If you decide to take this approach it’s best to design some rules around your gradual entry into the market. Set a pre-determined investing schedule so that you avoid relying on your intuition around when markets ‘feel’ safe.

What that looks like in practice could be taking a $100,000 lump sum and investing $20,000 per month for five months until you’re fully invested. Take that one step further by selecting the specific day of the month when you’ll deploy each tranche (e.g. the 15th of every month).

Finally, if you’re nervous about investing a lump sum perhaps your risk tolerance isn’t as high as you think. Instead of waiting, or dollar cost averaging, go ahead and invest the lump sum all at once but reduce your allocation to stocks (say, a 40/60 asset mix instead of a 60/40 mix) to make investing the lump sum feel less risky.

Final Thoughts

There are no stupid questions when it comes to investing. We’re all learning and trying to navigate our way through an often confusing and noisy environment. 

That’s one reason why I prefer a simple investing approach using the following principles:

  • Low cost
  • Broadly diversified
  • Risk appropriate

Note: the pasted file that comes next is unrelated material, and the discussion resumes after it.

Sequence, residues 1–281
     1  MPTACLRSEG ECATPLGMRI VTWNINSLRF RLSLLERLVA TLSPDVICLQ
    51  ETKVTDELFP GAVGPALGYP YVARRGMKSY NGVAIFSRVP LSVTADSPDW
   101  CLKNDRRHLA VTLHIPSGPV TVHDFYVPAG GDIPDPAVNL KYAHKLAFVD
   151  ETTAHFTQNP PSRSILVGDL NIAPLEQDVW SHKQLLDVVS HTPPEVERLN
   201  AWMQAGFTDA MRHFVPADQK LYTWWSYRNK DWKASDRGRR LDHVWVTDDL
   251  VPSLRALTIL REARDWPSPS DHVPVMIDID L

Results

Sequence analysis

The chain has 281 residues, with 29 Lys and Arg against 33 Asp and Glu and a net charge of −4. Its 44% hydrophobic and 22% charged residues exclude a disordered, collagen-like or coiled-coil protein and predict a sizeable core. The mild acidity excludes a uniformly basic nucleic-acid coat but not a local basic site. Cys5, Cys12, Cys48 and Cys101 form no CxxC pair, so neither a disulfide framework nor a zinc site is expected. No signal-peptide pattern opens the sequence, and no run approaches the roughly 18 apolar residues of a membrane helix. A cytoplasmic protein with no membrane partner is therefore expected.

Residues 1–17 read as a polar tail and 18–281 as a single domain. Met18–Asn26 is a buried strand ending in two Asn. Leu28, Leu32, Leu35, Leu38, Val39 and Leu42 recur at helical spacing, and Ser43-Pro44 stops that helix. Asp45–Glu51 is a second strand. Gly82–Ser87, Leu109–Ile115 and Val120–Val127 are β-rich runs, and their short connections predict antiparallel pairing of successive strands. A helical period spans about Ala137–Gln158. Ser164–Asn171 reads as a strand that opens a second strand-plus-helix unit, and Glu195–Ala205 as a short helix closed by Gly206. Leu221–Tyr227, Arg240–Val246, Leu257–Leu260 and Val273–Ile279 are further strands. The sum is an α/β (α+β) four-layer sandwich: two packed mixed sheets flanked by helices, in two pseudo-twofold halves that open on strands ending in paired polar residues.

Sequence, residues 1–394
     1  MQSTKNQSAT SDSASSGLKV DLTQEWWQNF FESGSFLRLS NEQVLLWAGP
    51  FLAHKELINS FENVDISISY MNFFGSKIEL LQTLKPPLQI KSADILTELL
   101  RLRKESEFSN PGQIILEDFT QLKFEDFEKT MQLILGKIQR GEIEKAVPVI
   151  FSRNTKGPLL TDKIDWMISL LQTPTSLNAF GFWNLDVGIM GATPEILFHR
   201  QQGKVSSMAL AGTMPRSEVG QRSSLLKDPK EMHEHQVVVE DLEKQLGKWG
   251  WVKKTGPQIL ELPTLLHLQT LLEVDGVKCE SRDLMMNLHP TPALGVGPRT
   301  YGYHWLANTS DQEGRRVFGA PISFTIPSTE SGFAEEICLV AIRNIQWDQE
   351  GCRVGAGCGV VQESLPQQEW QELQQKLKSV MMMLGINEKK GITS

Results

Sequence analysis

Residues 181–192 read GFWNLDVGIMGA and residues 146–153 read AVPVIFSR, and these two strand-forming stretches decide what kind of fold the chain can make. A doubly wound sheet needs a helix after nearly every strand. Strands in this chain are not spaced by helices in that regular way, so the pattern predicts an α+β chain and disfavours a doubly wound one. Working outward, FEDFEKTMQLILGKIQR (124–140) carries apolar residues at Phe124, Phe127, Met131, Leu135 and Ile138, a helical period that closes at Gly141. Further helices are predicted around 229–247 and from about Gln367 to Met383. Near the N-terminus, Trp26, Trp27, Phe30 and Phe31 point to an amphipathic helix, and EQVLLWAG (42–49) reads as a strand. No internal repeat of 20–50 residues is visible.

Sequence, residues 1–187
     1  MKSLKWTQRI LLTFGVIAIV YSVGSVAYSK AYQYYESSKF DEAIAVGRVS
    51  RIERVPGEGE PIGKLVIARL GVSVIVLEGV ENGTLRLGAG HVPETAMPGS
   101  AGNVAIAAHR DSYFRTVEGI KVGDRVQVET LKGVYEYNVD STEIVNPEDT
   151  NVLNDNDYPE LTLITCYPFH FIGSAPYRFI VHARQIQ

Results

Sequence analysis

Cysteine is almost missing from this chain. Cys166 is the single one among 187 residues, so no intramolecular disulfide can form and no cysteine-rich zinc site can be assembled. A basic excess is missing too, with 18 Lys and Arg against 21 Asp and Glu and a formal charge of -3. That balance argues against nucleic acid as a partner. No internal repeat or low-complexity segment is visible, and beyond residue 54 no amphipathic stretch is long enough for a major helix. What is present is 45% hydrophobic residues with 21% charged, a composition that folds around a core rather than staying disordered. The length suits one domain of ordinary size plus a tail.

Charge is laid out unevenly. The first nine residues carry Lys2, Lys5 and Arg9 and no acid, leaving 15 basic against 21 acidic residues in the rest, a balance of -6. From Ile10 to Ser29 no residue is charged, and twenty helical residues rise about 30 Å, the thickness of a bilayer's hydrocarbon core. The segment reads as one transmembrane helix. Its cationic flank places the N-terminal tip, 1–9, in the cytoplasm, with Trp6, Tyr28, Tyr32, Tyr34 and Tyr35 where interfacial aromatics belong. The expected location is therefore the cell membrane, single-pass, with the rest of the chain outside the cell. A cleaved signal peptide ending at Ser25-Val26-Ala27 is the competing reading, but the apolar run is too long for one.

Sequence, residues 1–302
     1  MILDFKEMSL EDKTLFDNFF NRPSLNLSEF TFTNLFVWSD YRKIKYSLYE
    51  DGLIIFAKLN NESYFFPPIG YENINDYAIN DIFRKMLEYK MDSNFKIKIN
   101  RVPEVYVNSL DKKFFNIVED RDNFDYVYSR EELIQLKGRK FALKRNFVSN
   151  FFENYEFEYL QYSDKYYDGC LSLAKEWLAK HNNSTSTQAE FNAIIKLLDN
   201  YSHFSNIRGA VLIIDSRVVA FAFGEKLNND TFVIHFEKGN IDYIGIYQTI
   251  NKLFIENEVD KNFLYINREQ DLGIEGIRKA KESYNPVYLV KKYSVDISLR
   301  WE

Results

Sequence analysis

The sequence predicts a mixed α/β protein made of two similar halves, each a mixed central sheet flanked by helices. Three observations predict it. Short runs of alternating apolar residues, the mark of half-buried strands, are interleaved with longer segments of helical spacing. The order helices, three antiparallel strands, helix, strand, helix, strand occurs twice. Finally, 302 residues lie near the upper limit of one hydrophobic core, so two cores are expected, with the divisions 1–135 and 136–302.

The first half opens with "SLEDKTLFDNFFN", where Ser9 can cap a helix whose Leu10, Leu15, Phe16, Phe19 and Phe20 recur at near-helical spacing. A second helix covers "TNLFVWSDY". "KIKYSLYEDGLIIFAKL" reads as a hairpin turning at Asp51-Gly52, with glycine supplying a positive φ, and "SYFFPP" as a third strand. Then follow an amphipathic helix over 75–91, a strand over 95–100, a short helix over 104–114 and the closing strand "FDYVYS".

• Automated where possible (deposits, withdrawals, rebalancing)
  • Holding the same asset mix across all of my accounts

You can do this on your own with a single asset allocation ETF, with help from a robo-advised portfolio of ETFs, or with your bank’s own index mutual funds

That said, we all have our own unique circumstances or legacy portfolios that aren’t exactly easy to untangle. If you have an investing question, leave it in the comments below so we can all learn together or send me an email and I’ll respond to you directly.

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  1. Robb Engen on March 17, 2021 at 4:35 pm

    *The management fee versus MER answer has been updated from an earlier version that incorrectly stated trading costs were included in the MER. They’re actually included separately in something called TER (trading expense ratio).

    • Dan on March 17, 2021 at 5:01 pm

      Can you recommend a all in one ETF that would generate a minimum 5% dividend yield.

      • Robb Engen on March 17, 2021 at 5:37 pm

        Hi Dan, the closest thing would be Vanguard’s Retirement Income Fund (VRIF) which pays a 4% distribution and targets a 5% annual return.

        You’d have to look to a dividend specific ETF like Vanguard’s Canadian High Dividend Yield ETF (VDY) which has a yield of 4.9%. The trouble with VDY is it’s limited to 44 Canadian companies, so it’s not very diversified.

  2. Connie on March 17, 2021 at 5:43 pm

    Looking for the latest up to date listing of robo advisors and info on choosing one. Thanks

  3. Kent on March 17, 2021 at 7:29 pm


    I enjoy reading your blog posts and the comments in response. I am a latecomer but new investor so I appreciate this back to the basics post.

    I hold my investments with a robo advisor and currently make no withdrawals. I am retired but my wife has four years until she retires.